Module is available as a DIY project only.
This Module is currently available.
A 4:4 cycling sequential switch, featuring simultaneous forward/reverse stepping, hold, reset, and an additional voltage controlled mode based on the same design as our VC Sequencer. Also on board are push buttons for each function enabling you to play and perform the switching with a more human input.
This sequential switch will do all your standard 1>2, 1>3, 1>4 or the other way around with great real-time as well as external voltage controllability.
But its when you start playing around with multiple sources and destinations that things start getting fun and weird! You could for instance shuffle around four different trigger patterns to trigger four different percussive generators for interesting variations, or why not 4 oscillators shuffling between 4 different destinations, panned and processed in various ways?
Whatever your sequential switch application might be, we're confident the Paths is up to the task!
Just like the VC Sequencer it is clockable by very high clock rates (100 kHz tested) and CVable with full audio range. All for your experimental waveshaping duties.
When clocking with FWD clock input or button the sequence will advance one step forward. When clocking with REV clock input or button the sequence will advance one step in reverse.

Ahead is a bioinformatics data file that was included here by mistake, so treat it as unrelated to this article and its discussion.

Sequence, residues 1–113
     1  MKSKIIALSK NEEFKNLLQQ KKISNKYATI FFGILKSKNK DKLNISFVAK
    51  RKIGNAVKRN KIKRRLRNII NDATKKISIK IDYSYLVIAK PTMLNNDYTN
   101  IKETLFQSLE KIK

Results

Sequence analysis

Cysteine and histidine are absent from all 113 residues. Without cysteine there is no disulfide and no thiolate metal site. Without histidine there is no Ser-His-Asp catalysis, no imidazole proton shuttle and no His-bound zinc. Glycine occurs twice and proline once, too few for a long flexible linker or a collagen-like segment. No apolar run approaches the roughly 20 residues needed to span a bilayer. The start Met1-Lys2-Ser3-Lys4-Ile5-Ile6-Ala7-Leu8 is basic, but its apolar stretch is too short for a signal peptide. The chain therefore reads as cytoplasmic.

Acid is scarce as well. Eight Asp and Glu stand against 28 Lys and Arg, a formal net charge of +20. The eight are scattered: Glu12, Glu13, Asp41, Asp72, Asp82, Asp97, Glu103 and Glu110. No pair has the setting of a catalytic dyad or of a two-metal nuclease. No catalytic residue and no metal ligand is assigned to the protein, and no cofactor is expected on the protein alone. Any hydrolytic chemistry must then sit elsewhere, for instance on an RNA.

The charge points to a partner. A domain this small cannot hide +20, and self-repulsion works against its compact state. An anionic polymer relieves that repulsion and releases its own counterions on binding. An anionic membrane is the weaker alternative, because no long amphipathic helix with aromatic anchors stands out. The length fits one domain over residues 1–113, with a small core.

If a clock comes in exactly at the same time on both inputs the forward will have priority over the reverse.
In CV mode there is two CV inputs. The one that shares the reverse clock input is full wave rectified and the one that shares the forward clock input is half wave rectified. It uses an active rectifier without voltage drop or a dead zone around 0V.
The half wave rectified (FWD) with one bump on the rectifier symbol, will clip any signal below 0V and above 5V. The difference to the full wave rectified input (REV) with two bumps on the rectifier symbol, is that it will turn any negative volt into positive as well. So -1V is the same as +1V and -5V is the same as +5V etc.
When I/O1 is connected to O/I1, I/O2 is connected to O/I2 and so on.
When I/O1 is connected to O/I2, I/O2 is connected to O/I3 and so on, and I/O4 is connected to O/I1.
When I/O1 is connected to O/I3, I/O2 is connected to O/I4 and I/O3 is connected to O/I1 and so on.
Routing explanation image:
Additional information, schematic and front/side/rear photo links
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